It’s metal AF. So I understand how you came to love crime and horror fiction. But what about creating it? Can you talk about how you produce your stories?
My writing process is lots and lots of rewriting. I try to walk as much as possible and that’s when I come up with most ideas. There’s a Rite-in-Rain notebook and a pencil stuffed in the pockets of all my coats and vests. Using a pencil is a left-over habit from when I was an archaeologist; we wrote in pencil because it won’t smear. But you also never erase, cross out if you have to, but never erase your raw field data or initial ideas.
My writing process is lots and lots of rewriting. I try to walk as much as possible and that’s when I come up with most ideas.
An archeologist is not a background that comes up in many of my interviews, but now that you mention it, I can see certain cross-over themes in your fiction. As far as your fiction consumption, how often do you read short stories?
Constantly! At least one a day, usually more. Mariana Enríquez’s Things We Lost in the Fire is my benchmark for a perfect collection. I adore short stories on their own as well as a way to discover new novelists. We’re living in a short-story golden age. Small presses are putting out more and better content than there’s ever been, and with the internet, they’re able to let readers know where to find it.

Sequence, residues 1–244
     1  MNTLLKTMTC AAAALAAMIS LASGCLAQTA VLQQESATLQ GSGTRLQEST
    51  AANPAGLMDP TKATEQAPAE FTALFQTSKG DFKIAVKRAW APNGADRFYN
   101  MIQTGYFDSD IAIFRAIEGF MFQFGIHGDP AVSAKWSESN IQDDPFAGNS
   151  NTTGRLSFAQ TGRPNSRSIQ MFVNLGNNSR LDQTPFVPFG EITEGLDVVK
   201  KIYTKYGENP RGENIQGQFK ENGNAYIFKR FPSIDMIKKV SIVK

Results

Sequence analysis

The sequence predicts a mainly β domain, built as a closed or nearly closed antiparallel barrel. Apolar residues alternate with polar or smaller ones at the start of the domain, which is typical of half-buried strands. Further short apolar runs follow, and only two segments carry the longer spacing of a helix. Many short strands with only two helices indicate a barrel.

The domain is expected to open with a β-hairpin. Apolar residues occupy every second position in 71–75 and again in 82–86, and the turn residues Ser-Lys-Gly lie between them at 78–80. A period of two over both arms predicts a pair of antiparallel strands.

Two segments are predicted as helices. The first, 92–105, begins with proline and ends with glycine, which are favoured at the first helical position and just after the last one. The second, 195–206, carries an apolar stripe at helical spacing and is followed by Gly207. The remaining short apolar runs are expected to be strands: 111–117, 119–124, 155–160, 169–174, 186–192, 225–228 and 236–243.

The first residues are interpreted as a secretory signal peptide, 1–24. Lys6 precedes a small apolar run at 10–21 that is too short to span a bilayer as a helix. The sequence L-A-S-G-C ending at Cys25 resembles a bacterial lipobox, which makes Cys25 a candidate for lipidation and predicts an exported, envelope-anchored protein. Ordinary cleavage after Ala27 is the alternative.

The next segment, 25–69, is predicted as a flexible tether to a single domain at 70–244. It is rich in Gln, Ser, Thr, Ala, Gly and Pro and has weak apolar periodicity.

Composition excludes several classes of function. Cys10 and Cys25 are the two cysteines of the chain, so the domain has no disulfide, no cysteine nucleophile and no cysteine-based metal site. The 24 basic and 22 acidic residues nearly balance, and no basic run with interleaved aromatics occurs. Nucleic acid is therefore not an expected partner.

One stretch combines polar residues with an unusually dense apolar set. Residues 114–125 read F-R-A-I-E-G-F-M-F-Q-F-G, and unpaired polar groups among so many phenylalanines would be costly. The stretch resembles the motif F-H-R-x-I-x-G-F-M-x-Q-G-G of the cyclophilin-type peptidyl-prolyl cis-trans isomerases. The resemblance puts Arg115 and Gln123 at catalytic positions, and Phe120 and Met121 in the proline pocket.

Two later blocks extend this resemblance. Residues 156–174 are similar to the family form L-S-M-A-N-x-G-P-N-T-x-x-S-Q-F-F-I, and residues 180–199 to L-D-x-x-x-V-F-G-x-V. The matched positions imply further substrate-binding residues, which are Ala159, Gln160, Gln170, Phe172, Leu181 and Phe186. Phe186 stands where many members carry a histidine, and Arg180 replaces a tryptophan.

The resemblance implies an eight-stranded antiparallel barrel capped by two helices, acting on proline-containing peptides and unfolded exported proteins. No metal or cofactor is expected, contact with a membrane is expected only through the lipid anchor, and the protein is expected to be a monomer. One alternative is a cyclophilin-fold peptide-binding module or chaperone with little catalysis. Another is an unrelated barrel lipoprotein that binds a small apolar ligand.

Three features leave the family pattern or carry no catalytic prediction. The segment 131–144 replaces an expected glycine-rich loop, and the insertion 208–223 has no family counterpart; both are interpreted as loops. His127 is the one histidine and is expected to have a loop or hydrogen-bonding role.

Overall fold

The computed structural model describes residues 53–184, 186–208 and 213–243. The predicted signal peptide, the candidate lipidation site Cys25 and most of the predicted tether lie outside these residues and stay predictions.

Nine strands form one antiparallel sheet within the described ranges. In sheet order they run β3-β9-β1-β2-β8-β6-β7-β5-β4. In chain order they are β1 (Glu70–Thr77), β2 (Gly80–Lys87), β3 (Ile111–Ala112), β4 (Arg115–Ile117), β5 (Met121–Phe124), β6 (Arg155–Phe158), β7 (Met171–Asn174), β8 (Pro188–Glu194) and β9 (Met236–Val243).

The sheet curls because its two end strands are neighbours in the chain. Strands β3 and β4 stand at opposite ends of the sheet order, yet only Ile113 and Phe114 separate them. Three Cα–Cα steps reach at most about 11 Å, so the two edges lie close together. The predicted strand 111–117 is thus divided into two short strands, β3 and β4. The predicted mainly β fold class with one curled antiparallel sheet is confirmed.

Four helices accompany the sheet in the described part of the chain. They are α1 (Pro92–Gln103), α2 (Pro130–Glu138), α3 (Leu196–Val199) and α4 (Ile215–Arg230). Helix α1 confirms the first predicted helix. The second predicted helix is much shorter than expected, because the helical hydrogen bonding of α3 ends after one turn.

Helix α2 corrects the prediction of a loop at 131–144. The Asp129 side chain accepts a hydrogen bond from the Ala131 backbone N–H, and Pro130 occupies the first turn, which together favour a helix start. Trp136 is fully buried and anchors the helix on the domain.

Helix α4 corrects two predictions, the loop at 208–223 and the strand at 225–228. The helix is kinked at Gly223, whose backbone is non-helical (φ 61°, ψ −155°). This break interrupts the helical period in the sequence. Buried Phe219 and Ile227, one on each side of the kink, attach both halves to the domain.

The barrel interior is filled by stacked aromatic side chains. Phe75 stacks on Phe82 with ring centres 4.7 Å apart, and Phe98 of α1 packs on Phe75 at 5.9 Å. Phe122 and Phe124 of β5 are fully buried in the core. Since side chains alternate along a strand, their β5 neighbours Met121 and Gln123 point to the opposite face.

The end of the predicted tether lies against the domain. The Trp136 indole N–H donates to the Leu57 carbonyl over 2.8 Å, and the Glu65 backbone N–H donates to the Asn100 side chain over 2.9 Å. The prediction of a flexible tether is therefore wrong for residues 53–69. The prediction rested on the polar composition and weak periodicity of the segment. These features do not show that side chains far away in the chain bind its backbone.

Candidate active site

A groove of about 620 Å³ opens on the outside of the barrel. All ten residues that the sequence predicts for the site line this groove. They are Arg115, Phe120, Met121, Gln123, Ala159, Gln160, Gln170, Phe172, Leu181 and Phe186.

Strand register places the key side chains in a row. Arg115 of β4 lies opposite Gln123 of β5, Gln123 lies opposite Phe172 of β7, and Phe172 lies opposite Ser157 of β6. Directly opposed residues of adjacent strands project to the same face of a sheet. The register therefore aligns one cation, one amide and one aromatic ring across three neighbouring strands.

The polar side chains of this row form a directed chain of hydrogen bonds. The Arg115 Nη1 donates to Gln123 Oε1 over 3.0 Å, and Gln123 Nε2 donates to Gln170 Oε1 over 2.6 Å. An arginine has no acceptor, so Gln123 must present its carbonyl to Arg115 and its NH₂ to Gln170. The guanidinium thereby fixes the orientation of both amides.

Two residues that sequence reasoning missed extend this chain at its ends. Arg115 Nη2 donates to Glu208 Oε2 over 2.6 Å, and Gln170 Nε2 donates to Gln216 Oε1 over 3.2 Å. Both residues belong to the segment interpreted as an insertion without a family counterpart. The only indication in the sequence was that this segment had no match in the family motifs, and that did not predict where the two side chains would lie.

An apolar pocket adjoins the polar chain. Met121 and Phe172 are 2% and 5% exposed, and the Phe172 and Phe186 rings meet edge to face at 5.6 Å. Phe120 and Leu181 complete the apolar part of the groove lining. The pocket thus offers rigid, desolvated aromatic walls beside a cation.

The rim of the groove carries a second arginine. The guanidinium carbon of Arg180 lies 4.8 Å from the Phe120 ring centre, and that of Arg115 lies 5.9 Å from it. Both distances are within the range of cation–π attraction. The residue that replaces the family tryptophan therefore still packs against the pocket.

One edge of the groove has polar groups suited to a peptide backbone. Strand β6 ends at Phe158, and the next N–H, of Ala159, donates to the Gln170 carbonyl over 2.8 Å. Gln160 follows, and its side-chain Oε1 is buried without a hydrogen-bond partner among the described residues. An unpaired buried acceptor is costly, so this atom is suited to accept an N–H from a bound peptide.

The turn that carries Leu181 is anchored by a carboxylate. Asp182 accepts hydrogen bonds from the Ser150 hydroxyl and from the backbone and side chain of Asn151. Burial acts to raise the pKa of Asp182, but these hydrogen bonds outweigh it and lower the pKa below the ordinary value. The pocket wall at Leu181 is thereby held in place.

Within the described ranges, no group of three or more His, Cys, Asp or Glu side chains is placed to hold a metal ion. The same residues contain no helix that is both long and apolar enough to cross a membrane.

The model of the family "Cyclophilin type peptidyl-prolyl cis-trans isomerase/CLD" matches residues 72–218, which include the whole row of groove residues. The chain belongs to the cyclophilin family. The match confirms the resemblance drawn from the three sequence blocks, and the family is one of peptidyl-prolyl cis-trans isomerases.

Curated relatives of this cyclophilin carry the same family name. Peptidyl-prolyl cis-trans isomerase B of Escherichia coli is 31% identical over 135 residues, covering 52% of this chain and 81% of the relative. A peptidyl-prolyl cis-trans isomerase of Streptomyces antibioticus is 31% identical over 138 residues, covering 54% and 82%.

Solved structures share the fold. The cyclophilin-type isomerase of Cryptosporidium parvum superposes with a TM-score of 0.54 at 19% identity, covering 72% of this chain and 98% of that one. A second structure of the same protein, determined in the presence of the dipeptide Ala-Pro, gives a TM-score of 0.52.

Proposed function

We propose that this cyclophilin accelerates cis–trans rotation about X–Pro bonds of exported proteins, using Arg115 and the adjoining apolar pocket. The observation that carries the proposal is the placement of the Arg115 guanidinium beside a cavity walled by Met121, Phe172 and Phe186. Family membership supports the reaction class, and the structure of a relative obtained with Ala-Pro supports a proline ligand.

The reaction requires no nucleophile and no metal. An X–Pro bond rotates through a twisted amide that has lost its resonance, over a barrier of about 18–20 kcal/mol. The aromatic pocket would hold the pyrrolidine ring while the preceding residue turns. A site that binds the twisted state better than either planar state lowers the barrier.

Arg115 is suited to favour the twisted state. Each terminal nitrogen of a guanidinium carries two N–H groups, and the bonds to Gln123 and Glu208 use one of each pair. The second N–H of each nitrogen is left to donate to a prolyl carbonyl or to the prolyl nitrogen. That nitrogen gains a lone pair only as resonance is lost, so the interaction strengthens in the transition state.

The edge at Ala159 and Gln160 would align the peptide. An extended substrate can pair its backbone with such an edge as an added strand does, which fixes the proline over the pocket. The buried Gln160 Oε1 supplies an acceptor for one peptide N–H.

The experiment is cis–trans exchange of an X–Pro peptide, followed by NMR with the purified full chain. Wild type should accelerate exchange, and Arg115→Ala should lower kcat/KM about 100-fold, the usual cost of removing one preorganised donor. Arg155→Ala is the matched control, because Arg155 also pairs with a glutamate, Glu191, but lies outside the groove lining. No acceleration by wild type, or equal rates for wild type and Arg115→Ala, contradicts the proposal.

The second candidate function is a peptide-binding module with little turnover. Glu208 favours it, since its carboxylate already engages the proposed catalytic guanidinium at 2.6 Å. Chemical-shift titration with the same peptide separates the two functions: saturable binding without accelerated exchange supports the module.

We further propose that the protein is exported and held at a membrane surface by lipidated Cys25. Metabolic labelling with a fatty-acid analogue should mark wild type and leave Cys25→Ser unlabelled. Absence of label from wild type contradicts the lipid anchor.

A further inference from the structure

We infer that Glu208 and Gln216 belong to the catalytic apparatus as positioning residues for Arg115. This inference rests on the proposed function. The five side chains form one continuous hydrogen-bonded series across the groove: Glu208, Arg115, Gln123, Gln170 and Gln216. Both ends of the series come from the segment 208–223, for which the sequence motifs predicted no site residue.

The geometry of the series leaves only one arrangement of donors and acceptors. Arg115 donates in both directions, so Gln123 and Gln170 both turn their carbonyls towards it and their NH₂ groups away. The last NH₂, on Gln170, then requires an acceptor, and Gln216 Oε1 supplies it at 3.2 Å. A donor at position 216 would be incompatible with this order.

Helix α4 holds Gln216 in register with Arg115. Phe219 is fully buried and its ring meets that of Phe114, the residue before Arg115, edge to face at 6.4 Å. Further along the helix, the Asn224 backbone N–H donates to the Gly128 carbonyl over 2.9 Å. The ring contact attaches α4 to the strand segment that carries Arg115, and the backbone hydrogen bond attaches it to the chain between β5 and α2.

I agree, there are micro-presses putting out amazing things and lesser-known authors creating breathtaking stuff. What do you think are the keys to crafting those memorable works?
Tension and release, and real stakes. It goes back to Alfred Hitchcock’s advice to “torture the audience as long as they can stand it.” Or as someone else said, no one wants to read about somebody’s second-worst day—describe the very worst. Real stakes don’t have to be life and death, though. A compelling story can be about three kids playing jacks or a class reunion, but there has to be the threat of irrevocable loss. There’s no take-backs in good storytelling.
No take-backs, I love it—that is a great title for a book. Unfortunately, we are running out of time. But, before we conclude, is there anything else you would like to mention?
It’s a cliché that writing is a solitary profession, but I’ve found that’s not true at all. The writing community is the tightest, most generous I’ve ever worked with—fellow writers, bookstore owners, editors, publishers; everyone in the community gives their time and aid, and they celebrate everyone’s success. Because anytime anybody reads any book, we all win.
I want to thank Zakariah for his time and his words. Make sure to check out Egg on Her Face: Stories of Crime, Horror, and the Space in Between—you will enjoy it.
For an online archive of articles and conversations by J.B. Stevens, please visit here.